“Eleanor Rigby” is one of the most popular of the hundreds of songs written by John Lennon and Paul McCartney and recorded by the Beatles. It is also one of the best examples of their growing maturity as lyricists at the time, a song containing poetic qualities not found in such earlier works as “She Loves You” or “I Want To Hold Your Hand.”

Unlike so many of those earlier compositions, which for all their energy were merely variations of the traditional love song, “Eleanor Rigby” is an attempt by Lennon and McCartney to make a serious social statement. In doing so they evoke a powerful sense of despair, as experienced through the lives of two individuals for whom life has become an exercise in futility.

The writers’ treatment of the plight of both Eleanor Rigby and Father McKenzie, told from the point of view of an unnamed third party, is at once objective and personal. Personal because it is obvious that the speaker knows these individuals and is aware of their feelings of despair. Objective because the narrator simply reported the tragedy of their lives in much the same way a reporter would cover a fatal house fire or car accident; there is no attempt to move the reader (or listener) to help these people, only a detailing of the facts.

The feeling of despair is established early on, via the chilling refrain: “Ah, look at all the lonely people.” Immediately we are told that the two whose story is being told are but two of many such wretched individuals.

We are not told how old Eleanor is, but the impression from the beginning is that she is no longer a young girl. She is described as picking up the rice after a wedding, living “in a dream.” The dream would appear to be that of one day finding the right man and being married herself.

We are then told that she “waits at the window, wearing the face that she keeps in a jar by the door.” The “jar by the door” might be a reference to makeup on her vanity, which indicates that she probably has “made herself up” in a seemingly futile effort to attract the attention of a man.

We are then introduced to Father McKenzie, who we assume to be the minister at the church where Elanor lives and works. The good Father appears to be experiencing a crisis of faith; he is “writing the words to a sermon that no one will hear.” Does this mean that he will never give the sermon? Or, perhaps, that he knows his congregation will not take take the message of the sermon to their hearts?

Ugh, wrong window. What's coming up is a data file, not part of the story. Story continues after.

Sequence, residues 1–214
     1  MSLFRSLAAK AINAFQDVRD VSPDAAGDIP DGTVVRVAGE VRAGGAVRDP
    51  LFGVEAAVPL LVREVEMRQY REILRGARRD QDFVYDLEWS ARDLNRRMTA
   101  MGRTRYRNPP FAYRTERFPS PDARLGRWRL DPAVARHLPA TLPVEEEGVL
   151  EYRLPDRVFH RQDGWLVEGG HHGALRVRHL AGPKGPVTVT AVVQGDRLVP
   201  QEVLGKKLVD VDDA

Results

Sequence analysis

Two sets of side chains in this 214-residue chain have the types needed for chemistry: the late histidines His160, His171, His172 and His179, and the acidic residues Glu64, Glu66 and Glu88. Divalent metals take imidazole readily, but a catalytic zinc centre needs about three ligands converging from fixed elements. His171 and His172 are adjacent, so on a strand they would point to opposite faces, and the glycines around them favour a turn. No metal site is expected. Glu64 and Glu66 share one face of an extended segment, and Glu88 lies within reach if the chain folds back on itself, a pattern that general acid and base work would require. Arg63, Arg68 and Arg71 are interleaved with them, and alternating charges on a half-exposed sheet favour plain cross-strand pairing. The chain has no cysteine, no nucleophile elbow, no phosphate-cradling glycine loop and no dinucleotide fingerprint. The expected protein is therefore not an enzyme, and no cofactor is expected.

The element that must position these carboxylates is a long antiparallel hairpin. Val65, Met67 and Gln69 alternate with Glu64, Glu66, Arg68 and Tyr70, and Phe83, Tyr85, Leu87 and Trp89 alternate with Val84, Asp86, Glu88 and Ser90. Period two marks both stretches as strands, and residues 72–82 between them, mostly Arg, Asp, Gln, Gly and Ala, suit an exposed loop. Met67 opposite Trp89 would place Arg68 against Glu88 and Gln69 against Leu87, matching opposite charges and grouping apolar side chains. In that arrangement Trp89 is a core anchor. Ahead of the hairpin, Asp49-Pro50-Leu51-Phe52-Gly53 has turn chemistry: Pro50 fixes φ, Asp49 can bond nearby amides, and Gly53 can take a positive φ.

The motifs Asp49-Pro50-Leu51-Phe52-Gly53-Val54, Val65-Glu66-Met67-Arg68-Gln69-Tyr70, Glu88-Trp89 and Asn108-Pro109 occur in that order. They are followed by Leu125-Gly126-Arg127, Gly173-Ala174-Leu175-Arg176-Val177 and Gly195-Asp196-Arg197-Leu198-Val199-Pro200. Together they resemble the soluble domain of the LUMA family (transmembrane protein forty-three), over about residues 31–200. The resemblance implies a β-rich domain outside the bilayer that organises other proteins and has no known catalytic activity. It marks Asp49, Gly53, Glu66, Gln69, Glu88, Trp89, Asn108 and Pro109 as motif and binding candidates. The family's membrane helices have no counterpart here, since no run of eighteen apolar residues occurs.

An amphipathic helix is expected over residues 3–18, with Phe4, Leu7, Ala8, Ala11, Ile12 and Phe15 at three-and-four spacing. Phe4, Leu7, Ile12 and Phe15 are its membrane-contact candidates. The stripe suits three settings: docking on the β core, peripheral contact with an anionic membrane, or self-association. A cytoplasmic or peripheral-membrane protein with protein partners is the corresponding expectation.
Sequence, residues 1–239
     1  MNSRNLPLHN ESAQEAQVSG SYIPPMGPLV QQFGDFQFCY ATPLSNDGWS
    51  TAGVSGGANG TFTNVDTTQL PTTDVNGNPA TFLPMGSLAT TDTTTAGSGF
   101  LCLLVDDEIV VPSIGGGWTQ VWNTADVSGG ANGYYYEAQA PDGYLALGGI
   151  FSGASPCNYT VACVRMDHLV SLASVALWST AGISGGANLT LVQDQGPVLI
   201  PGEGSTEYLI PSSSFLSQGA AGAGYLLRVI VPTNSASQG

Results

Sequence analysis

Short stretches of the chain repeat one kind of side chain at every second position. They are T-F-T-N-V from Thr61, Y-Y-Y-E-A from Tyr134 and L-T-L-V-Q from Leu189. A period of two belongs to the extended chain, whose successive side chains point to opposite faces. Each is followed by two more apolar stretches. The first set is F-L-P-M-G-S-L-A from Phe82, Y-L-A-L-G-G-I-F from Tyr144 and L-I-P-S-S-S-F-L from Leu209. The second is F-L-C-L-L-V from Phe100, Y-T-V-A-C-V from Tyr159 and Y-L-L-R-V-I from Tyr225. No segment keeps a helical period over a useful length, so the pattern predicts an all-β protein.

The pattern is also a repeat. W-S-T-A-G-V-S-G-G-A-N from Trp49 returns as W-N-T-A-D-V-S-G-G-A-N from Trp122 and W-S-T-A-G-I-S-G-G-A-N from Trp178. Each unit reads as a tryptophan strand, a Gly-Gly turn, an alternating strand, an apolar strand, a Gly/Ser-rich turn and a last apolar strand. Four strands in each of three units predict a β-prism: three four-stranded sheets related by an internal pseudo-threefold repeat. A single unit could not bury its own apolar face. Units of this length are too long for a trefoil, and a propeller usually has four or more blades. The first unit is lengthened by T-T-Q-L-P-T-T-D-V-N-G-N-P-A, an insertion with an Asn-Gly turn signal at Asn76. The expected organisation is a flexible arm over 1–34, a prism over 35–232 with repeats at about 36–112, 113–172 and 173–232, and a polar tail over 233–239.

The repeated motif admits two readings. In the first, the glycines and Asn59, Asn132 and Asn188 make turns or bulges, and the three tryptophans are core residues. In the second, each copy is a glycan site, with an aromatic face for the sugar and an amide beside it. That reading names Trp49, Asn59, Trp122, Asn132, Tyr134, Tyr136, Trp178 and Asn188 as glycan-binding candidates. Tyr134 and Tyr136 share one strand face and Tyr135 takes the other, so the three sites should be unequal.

The line “No one comes near” is obviously (to me, at least) the Father’s view. How are we to know that our Eleanor is not watching Father McKenzie “darning his socks in the night” from her vantage point in the window mentioned before? We are not to know; we only have the comment, “What does he care?” This is a man as lonely and as full of despair as Eleanor herself.

We next are told that “Eleanor Rigby/Died in the church and was buried along with her name./Nobody came.” Even with her death Eleanor seems to have left no mark upon this world. And just how did poor Eleanor die? Is she a suicide? This would be consistent with the tone of despair already established, but we simply are not told.

For this reason, the most intriguing passage in the entire piece is that which follows: “Father McKenzie/wiping the dirt from his hands as he walks from the grave./No one was saved.”

Does Father McKenzie grieve for her at all? Does he mourn the fact that he was never able to play a role in the salvation of Eleanor Rigby’s soul, or the possible salvation of her life? Does he see her as representative of the congregation which never hears his sermons?

Or does the good Father see at last the role that Eleanor might have played in his life, if only things had been different?  It’s possible these two lonely people might have actually been secretly in love.

This is mere speculation, of course. Still, we certainly get the feeling that any possibility of the two of them reaching out towards one another – whether as lovers or simply as friends – has been squelched by a variety of factors: by his position as a man of the cloth; by Eleanor’s sense of insecurity; perhaps even by a hardening of both their hearts, brought about by life’s experiences.

Perhaps, in another reality, the two of them might have reached out, might have expressed whatever true feelings they might have had for one another. Perhaps they might even have married, and thus provided one another with the happiness both so desperately have been seeking.

We will never know...

The song’s main refrain piles despair upon despair through the questions “Where do they all come from?” and “Where do they all belong?” But the real question might well be: “What am I supposed to do about it?” And so the despair carries over from the lives of Eleanor and the Father to the rest of us as well, revealing a complexity far beyond what record buyers of the time had come to expect from a “simple pop song.”

It asks the question: “What hope is there for any of us?”

And then it leaves us to find the answer on our own.

(Column copyright © 2017, by John A. Small; “Eleanor Rigby” lyrics © Sony/ATV Music Publishing LLC)